Rocket Roundup: VASIMR Kickstarter, Ariane 6 Panned, RD-180 Replacement, and SpaceX at KSC

Ad Astra Launches VASMIR Kickstarter

Ad Astra has launched a Kickstarter fund-raising campaign to raise $46,000 for the creation of a short documentary called “Animating VASIMR®: The Future of Spaceflight.”

Falcon Heavy Launches from KSC?

Falcon Heavy. (Credit: SpaceX)
Falcon Heavy. (Credit: SpaceX)

Space News reports that SpaceX appears to be the only bidder to take over operations of PAD 39A at the Kennedy Space Center, which NASA used to launch space shuttles:

NASA declined to comment on how many bids it received in response to a solicitation that closed on July 5, but a survey of U.S. launch companies by SpaceNews shows only SpaceX saying it put in a proposal to take over Launch Complex 39A.

Documents posted on NASA’s solicitation website shows the agency wants to have a commercial operator for Pad 39A in place by Oct. 1, 2013, when funding for maintenance is slated for termination.

UPDATE: Space News now reports that Blue Origin put in a bid for Pad 39A.

DLR Chief on Ariane 6: Meh!

Artist's conception of Ariane 6. (Credit: ESA)
Artist’s conception of Ariane 6. (Credit: ESA)

DLR Chairman Johann-Dietrich Woerner still really doesn’t like the plan for Ariane 6:

Johann-Dietrich Woerner, chairman of the German Aerospace Center, DLR, said the German government remains in favor of continued development of the current Ariane 5 heavy-lift rocket, with possible evolutions including environmentally acceptable new fuels in place of the vehicle’s current solid-rocket boosters.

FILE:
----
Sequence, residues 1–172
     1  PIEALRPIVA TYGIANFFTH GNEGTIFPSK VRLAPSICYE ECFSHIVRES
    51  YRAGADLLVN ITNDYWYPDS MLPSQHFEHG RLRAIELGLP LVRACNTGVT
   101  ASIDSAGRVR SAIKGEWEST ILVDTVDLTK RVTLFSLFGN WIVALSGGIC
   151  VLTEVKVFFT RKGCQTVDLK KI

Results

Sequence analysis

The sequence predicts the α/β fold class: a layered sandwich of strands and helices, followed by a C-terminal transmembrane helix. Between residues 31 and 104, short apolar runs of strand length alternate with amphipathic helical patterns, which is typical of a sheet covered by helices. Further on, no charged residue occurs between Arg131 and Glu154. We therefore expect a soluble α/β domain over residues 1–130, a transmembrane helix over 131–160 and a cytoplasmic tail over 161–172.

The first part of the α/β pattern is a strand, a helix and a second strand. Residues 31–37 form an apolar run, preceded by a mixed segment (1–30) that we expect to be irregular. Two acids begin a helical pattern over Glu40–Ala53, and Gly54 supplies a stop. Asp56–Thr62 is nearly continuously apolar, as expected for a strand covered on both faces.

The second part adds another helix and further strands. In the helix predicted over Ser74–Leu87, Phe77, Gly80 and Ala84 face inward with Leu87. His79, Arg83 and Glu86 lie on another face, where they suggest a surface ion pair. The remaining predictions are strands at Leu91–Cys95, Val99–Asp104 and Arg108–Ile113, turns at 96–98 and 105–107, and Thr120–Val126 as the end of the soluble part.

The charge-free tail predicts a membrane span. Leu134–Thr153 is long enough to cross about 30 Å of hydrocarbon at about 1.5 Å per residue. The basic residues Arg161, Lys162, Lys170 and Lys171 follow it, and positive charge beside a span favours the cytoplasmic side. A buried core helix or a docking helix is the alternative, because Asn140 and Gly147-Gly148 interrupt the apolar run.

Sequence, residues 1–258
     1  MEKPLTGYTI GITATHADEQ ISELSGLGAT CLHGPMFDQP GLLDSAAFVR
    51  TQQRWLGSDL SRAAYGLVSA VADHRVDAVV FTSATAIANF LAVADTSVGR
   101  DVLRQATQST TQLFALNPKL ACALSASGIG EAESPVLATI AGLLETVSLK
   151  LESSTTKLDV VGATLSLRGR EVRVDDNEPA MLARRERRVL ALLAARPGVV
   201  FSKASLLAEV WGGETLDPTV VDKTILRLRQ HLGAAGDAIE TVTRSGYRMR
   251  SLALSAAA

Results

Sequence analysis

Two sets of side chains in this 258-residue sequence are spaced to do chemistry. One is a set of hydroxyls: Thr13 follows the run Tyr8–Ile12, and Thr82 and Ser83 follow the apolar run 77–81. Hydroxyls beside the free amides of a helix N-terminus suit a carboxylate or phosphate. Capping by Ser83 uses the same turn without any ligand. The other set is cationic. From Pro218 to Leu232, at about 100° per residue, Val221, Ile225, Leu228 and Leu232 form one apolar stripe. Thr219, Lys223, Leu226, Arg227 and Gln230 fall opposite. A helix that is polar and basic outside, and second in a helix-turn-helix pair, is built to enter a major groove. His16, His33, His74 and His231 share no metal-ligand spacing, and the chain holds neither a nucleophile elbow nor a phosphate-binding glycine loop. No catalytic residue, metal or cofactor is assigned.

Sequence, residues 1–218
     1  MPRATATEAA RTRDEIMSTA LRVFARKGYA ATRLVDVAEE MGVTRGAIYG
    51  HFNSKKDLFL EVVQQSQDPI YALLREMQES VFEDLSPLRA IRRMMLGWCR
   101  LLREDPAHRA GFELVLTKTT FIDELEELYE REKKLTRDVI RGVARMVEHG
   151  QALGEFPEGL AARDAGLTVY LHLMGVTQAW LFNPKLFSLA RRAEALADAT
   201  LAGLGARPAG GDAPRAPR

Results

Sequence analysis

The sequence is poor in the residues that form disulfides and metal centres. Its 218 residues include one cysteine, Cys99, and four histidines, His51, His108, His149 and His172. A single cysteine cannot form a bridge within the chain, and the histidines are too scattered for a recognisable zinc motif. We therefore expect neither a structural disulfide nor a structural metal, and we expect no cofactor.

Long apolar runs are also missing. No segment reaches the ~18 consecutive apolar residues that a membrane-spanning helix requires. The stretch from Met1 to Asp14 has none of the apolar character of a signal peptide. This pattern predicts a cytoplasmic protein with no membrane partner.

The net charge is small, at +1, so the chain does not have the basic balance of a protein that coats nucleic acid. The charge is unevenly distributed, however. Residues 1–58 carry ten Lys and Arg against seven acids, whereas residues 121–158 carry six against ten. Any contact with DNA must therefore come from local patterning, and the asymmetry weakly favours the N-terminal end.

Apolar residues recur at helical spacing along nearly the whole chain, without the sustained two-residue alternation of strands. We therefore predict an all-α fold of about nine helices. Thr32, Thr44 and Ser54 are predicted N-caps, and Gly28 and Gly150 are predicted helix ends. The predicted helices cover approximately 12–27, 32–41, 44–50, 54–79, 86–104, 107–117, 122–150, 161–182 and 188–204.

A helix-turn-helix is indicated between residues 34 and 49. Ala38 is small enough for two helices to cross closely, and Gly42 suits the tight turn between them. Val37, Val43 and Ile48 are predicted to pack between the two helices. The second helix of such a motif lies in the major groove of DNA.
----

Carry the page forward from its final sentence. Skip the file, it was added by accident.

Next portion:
“The solution selected seems to be the most workable in terms of costs, but from an environmental point of view we are really taking a step backward,” Woerner said. “But my main point is: What is this launcher for? Is it to make life easy for commercial satellite operators, or is it to assure European launcher autonomy? If it’s the latter, then there are lots of ways of meeting this objective.”

I Can’t Quit You

RD-180 test firing. (Credit: NASA)
RD-180 test firing. (Credit: NASA)

Efforts to develop a domestic alternative to the Russian RD-180 engine that powers the Atlas V are stuck in second gear.

The buy-international model works so well that even an executive with the company working on an American alternative to the RD-180 — which has powered 43 flawless space launches since it made its U.S. debut on Lockheed Martin’s Atlas 3 rocket in 2000 — does not see much urgency on anyone’s part to bring such an engine to market.

“We don’t see a good business case for a pure commercial development of one of these engines,” Julie Van Kleeck, vice president of space programs at Sacramento, Calif.-based Aerojet Rocketdyne, told SpaceNews in a July 9 phone interview. “Not today.”

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